Ukraine has proven that it can run credible elections, and Yanukovych
has pledged that parliamentary balloting will meet all international standards.
Still, the majority of Ukrainians are now saying they do not expect these
elections to live up to the President’s promises. It is too soon to render a
final judgment on the quality of the parliamentary voting process, but it is
not too late to make changes that could move Ukraine in a more democratic
In mid-September, I led a pre-election assessment mission, organized
by the National Democratic Institute, to analyze the electoral framework and
environment. The delegation found that Ukrainians lack confidence in their
political institutions, including elections. This attitude results in part from
the issue of selective prosecution of political opponents, including former
Prime Minister Yulia Tymoshenko. It also stems from the flawed local elections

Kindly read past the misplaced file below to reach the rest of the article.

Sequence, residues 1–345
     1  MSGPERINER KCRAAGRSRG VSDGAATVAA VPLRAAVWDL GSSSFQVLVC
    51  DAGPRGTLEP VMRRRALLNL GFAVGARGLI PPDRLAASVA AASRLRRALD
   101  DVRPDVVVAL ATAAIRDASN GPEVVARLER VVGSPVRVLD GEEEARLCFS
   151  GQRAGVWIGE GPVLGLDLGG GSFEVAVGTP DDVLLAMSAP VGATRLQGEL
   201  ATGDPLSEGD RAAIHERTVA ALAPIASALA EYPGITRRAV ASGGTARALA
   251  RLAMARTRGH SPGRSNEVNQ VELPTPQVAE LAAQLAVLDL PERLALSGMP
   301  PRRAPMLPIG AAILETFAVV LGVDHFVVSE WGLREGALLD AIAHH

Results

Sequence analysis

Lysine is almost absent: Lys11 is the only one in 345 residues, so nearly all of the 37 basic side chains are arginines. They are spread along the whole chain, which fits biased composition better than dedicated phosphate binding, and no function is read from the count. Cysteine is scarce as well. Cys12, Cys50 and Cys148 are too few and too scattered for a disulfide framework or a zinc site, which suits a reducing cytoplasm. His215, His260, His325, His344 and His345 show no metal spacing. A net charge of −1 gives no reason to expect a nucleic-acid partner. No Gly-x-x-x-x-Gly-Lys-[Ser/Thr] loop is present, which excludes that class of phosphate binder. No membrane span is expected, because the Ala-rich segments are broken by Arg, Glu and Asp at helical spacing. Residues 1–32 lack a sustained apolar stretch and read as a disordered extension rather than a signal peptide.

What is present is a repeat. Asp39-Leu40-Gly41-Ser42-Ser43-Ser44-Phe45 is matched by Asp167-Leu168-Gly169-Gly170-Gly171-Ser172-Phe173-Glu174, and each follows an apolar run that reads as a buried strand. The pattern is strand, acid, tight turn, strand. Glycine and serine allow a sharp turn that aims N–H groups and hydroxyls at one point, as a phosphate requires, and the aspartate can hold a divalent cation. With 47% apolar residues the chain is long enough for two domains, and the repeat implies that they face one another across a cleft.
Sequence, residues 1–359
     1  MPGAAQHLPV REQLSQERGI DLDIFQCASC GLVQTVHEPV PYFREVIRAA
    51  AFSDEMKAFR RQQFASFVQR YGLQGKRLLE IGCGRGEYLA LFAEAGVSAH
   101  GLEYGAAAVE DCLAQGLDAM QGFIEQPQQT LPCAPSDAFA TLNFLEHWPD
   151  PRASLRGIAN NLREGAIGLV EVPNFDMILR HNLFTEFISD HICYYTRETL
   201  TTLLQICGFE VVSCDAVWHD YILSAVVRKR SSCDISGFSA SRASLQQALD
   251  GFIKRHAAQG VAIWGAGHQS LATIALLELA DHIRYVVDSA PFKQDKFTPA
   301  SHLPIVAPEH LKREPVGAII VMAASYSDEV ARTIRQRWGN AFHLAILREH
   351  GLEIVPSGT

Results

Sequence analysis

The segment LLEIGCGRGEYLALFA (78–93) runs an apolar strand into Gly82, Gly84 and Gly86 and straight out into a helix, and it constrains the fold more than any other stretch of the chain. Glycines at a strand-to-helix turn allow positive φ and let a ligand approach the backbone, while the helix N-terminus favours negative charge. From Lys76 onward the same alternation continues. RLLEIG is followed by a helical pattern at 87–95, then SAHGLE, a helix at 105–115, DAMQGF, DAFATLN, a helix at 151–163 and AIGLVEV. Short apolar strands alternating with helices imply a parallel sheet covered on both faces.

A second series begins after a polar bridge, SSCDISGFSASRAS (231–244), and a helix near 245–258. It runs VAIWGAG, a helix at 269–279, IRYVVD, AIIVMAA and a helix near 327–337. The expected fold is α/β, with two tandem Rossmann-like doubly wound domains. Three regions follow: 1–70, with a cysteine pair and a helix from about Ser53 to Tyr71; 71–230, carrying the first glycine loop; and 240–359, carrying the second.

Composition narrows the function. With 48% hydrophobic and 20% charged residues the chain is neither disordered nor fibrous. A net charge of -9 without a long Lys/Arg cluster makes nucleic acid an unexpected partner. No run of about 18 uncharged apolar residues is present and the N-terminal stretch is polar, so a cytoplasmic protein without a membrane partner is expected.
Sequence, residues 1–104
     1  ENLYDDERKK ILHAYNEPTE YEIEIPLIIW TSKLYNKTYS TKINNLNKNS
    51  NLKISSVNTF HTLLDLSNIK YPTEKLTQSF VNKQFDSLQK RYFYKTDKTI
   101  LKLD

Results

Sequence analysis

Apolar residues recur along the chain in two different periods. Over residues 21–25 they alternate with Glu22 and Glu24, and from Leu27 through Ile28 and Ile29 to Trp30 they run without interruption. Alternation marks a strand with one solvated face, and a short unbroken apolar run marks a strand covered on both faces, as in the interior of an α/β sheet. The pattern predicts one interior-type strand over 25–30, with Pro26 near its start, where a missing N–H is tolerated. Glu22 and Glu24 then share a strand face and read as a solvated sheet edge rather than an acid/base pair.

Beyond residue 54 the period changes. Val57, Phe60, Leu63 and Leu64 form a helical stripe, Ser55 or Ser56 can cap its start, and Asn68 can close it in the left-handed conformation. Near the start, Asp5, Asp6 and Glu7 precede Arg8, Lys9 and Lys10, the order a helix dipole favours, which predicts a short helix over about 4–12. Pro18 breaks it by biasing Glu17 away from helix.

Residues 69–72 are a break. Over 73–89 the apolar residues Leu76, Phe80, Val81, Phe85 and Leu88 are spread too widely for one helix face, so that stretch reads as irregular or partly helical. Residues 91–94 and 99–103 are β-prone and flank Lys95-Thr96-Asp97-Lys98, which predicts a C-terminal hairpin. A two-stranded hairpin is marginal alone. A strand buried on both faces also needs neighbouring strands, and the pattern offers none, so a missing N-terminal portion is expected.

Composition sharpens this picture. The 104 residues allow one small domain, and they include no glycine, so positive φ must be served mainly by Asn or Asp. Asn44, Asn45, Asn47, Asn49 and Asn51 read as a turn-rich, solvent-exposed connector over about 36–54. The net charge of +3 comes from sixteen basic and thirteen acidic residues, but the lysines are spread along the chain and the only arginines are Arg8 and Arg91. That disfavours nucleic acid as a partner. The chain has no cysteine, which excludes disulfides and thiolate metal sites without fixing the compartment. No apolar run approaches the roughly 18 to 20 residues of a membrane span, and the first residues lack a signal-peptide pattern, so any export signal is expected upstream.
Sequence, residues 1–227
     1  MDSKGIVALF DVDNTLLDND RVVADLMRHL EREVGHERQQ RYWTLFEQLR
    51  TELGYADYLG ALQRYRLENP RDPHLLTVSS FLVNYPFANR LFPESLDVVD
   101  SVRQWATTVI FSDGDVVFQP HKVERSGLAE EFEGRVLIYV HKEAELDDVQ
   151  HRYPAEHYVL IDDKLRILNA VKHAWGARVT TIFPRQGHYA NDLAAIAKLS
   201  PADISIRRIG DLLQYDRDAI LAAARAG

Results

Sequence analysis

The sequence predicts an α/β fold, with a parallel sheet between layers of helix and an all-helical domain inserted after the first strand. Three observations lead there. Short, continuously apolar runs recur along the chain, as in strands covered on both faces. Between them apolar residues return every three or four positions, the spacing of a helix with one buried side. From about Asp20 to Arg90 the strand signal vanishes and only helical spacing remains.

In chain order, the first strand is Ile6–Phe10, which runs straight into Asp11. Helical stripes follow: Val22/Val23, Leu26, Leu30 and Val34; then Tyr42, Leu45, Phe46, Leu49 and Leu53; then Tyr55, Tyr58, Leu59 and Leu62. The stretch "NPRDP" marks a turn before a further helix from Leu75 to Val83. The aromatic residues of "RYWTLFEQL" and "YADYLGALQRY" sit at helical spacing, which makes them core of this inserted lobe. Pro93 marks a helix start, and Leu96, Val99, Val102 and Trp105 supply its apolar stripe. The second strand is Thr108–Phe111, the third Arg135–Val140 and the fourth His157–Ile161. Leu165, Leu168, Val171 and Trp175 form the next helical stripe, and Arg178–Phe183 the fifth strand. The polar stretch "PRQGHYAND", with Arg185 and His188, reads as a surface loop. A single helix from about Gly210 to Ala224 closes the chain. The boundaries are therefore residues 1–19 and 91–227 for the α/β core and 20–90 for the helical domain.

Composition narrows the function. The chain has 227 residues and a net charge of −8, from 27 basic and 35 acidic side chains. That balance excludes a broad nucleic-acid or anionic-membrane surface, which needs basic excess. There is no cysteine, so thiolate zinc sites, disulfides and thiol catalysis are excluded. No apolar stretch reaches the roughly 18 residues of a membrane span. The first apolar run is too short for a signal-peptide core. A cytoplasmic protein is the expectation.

in October 2010. In this context, political will and tremendous effort will be required
to regain public confidence. Government and election authorities will need to
go beyond the letter of the law and minimum international standards to regain
As a former Cabinet member under U.S. President George W. Bush and
two-term governor of New Jersey, a large and politically diverse U.S. state, I
understand the value of trust in electoral systems. It is the glue that maintains the
relationship of citizens to government.
Democracies are hard pressed to function without it.